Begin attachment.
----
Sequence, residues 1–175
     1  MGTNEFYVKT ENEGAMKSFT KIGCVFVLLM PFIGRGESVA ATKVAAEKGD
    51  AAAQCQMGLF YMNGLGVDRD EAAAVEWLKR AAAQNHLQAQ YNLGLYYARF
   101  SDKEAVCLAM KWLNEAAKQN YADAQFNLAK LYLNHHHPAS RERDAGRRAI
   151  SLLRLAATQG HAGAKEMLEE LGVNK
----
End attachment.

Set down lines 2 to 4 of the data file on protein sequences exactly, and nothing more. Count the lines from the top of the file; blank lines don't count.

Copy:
     1  MGTNEFYVKT ENEGAMKSFT KIGCVFVLLM PFIGRGESVA ATKVAAEKGD
    51  AAAQCQMGLF YMNGLGVDRD EAAAVEWLKR AAAQNHLQAQ YNLGLYYARF
   101  SDKEAVCLAM KWLNEAAKQN YADAQFNLAK LYLNHHHPAS RERDAGRRAI